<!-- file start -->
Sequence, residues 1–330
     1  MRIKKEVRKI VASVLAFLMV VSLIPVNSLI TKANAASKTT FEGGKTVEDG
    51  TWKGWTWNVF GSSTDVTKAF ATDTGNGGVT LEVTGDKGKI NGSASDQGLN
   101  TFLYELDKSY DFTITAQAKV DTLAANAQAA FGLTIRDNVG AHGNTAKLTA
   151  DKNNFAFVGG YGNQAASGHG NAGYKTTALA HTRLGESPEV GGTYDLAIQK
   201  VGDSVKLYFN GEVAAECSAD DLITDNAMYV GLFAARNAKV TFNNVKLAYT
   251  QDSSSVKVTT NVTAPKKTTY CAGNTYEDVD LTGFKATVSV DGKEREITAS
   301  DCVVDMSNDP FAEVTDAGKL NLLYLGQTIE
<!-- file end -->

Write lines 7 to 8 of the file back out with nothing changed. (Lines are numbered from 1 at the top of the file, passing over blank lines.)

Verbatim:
   251  QDSSSVKVTT NVTAPKKTTY CAGNTYEDVD LTGFKATVSV DGKEREITAS
   301  DCVVDMSNDP FAEVTDAGKL NLLYLGQTIE